According to the United Nations (UN), climate change is now affecting every country on every continent. It is disrupting national economies and affecting lives, costing people, communities and countries dearly. People are experiencing the significant impacts of climate change, which include changing weather patterns, rising sea level, and more extreme weather events. The greenhouse gas emissions from human activities are driving climate change and continue to rise. They are now at their highest levels in history. Without action, the world’s average surface temperature is projected to rise over the 21st century and is likely to surpass 3 degrees Celsius this century—with some areas of the world expected to warm even more. The poorest and most vulnerable people are being affected the most.
Researchers at the University of Notre Dame attempted to determine which nations were best equipped to survive climate change. They acquired the Global Adaptation Index (GAIN), an interactive mapping tool which can help policy makers prepare for the changes and making them know the vulnerability and readiness of their countries compared to others. According to the gain Index, Norway is the nation most likely to survive and Chad is the least likely to prosper.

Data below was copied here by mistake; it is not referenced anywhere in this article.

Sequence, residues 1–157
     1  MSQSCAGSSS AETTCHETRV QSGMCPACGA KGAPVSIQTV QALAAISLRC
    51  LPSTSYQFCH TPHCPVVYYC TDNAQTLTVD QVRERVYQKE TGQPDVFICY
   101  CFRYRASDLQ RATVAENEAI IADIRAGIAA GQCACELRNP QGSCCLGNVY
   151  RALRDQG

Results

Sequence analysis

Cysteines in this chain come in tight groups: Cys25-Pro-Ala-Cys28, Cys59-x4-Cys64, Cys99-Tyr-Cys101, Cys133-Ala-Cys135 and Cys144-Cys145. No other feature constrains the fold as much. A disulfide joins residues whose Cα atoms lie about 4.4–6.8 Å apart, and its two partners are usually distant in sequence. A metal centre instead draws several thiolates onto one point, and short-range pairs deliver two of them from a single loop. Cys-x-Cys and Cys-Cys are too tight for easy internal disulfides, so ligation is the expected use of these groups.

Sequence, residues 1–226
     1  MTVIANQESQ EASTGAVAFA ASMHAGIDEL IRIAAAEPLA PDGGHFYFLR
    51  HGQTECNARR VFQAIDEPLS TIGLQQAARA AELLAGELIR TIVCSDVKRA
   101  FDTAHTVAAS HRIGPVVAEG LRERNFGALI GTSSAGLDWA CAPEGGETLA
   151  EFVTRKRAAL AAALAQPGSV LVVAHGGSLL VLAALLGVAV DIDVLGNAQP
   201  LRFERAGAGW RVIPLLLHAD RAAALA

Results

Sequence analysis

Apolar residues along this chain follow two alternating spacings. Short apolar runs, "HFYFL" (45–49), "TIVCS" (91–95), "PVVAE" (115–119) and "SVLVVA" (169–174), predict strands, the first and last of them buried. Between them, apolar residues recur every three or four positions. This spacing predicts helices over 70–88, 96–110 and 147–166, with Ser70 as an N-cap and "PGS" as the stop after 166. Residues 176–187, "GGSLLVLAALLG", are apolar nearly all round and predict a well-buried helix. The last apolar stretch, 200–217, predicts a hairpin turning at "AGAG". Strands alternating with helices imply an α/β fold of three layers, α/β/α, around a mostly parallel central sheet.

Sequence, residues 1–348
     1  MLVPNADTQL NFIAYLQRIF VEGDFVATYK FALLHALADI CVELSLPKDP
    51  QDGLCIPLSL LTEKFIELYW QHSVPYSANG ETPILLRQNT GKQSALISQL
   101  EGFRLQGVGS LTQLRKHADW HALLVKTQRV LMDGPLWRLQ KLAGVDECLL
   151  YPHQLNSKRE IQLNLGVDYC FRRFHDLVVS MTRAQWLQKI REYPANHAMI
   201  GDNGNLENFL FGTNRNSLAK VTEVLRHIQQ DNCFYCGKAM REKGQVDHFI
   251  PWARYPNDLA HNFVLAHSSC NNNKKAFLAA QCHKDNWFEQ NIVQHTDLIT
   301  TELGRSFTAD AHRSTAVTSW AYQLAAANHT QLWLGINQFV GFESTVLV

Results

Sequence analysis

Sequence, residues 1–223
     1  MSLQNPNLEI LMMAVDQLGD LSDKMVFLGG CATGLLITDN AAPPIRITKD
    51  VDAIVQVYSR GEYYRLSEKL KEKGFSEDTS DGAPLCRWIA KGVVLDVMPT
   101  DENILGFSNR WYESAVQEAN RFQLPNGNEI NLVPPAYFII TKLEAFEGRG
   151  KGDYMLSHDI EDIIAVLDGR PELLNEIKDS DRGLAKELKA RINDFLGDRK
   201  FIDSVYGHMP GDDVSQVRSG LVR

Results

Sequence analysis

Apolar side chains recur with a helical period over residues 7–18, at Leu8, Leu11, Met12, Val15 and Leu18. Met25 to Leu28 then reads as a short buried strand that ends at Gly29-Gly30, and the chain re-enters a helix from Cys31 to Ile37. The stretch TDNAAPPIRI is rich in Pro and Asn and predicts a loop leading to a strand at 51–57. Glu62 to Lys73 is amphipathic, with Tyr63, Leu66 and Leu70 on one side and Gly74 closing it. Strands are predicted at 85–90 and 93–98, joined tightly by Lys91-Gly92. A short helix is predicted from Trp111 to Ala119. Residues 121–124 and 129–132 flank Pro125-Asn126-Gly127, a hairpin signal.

“We produced this map to highlight that while climate change is caused primarily by rich, technologically advanced countries, it will be the poorest countries that will be hardest hit,” Jon Whitling, the map’s creator and an employee at the UK-based Eco Experts, told vice.com.
The highest ranked countries share certain characteristics. Most of them are faced with moderate exposure to climate change, but they have good capacities to deal with the potential climate risks. They also have high access to amenities such as electricity, sanitation and clean drinking water.
The least ranked countries are developing countries. These countries do not have the capacity to deal with climate change. From all indications, their crop yields will fall, water access will decline, and the countries also lack the technology, political economy, and resources to buffer the incoming bouts of extreme weather-filled years.
Chad is currently projected to fare the worst, as drought and heat sap its land-locked breadbaskets. Surprisingly, oil-rich Norway, takes the top spot, despite having miles and miles of vulnerable coastline while Botswana is the only African country that might survive climate change.
“We hope this raises awareness of Africa’s and Asia’s high vulnerability and low readiness for climate change. Ultimately, we want world leaders to act now to limit the impact climate change will have,” Jon Whitling further stated.